- Where PPE is provided by the PCBU, then the Worker must wear the PPE in accordance with any reasonable instruction and training provided.
Will there be new Workplace Exposure Standard (WES) changes in the near future?
Sampling for welding fume is currently conducted as per AS 3853.1-2006 Health and safety in welding and allied processes – Sampling of airborne particles and gases in the operator’s breathing zone (Part 1: Sampling of airborne particles and Part 2 Sampling of airborne gases).
Safe Work Australia (SWA) are proposing that the Workplace Exposure Standard (WES) for Chromium VI be reduced from 0.05mg/m3 down to 0.000007 mg/m3 (7 ng/m3). If this new significantly lower WES is adopted, there will be multiple implications associated with the measurement and assessment of welding fume. For instance, the newly proposed WES is lower than the achievable laboratory limit of reporting for some welding fume constituents, such as hexavalent chromium (Cr VI), available using current analytical methods (as specified in AS3853.1-2006).
Current challenges and industry trends
There is little doubt that the reclassification of welding fumes by the IARC has highlighted the need for workplaces to review and reassess their current welding processes and risk controls.
By being familiar with, and understanding the Regulatory guidance, workplaces can make better decisions regarding welding fume management and risk mitigation, as well as to inform themselves of current challenges and industry trends, including:
- Implementing processes to account for exposure threshold reductions
- Baseline and ongoing background air monitoring requirements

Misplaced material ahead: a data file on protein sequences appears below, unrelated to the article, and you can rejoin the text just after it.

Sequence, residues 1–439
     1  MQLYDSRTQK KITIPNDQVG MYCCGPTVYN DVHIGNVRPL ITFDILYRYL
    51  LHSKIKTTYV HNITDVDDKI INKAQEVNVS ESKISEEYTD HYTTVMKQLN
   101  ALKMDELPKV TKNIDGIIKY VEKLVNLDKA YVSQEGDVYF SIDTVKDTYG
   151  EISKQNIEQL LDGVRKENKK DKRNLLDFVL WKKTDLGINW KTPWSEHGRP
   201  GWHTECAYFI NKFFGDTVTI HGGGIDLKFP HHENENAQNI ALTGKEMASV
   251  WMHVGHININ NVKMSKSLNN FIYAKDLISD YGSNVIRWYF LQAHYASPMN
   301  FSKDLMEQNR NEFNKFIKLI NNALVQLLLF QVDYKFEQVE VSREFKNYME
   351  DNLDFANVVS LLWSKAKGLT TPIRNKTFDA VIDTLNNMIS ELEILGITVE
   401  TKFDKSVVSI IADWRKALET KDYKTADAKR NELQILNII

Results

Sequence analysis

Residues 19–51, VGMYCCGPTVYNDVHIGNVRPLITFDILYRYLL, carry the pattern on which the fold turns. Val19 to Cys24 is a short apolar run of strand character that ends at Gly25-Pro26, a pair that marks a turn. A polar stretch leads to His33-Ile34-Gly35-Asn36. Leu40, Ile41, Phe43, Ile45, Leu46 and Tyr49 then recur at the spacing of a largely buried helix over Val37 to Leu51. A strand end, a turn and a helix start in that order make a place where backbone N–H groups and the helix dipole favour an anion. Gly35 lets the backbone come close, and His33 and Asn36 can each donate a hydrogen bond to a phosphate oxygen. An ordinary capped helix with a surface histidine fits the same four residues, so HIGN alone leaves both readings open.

- Health surveillance and monitoring
- Industry awareness training to increase workforce understanding of Regulatory change
- Industry guidance on how to navigate process changes
What does the hierarchy of controls look like for welding fumes?
Where possible, the aim must be to Eliminate the risk. For example, designing products with pre-cast components or extruded shapes to eliminate the need to weld.
If eliminating the hazard and the associated risks is not possible, such as where material substitution has the potential to degrade quality, then risks must be mitigated through lower order controls:
Change welding process: Submerged arc welding or resistance welding vs. flux-core welding or MMA
Change welding rod materials where possible to reduce hazardous content
Isolate or separate the welding work area from general fabrication zones
Extraction and ventilation e.g. welding booths, on-tool extraction
Physical separation/isolation of working areas
Cleaning base metals
E.g. – Powered Air Purifying Respirators (PAPR)
What resources are available to industry?
- Safe Work Australia Code of Practice – Welding Processes
- State and Territory Codes of Practice and Guidance Notes
- AS/NZS 1338.1:2012: Filters for eye protectors - Filters for protection against radiation generated in welding and allied operations
- AS/NZS 1336:2014: Eye and face protection—Guidelines
- AS/NZS 1337.1:2010: Personal eye protection: Eye and face protectors for occupational applications
- AS/NZS 1270:2002: Acoustics – Hearing protectors
- AS/NZS 2161: (set)2 Occupational protective gloves
- AS/NZS 4502: (series) Methods for evaluating clothing for protection against heat and fire
- AS/NZS 1269.3:2005: Occupational noise management – Hearing protector program. AS 1674.2 Safety in welding and allied processes - Electrical specifies safety requirements for arc welding and allied processes, to prevent electric shock and minimise associated hazards
- AS 1674.1 Safety in welding and allied processes - Fire precautions specifies precautions to be taken prior to and during hot work (including welding and allied processes), to prevent the possibility of fire or explosion
- SafeWork NSW - Welding safety at the forefront of new research (7 June 2021)
- Weld Australia
- Australian Welding Supplies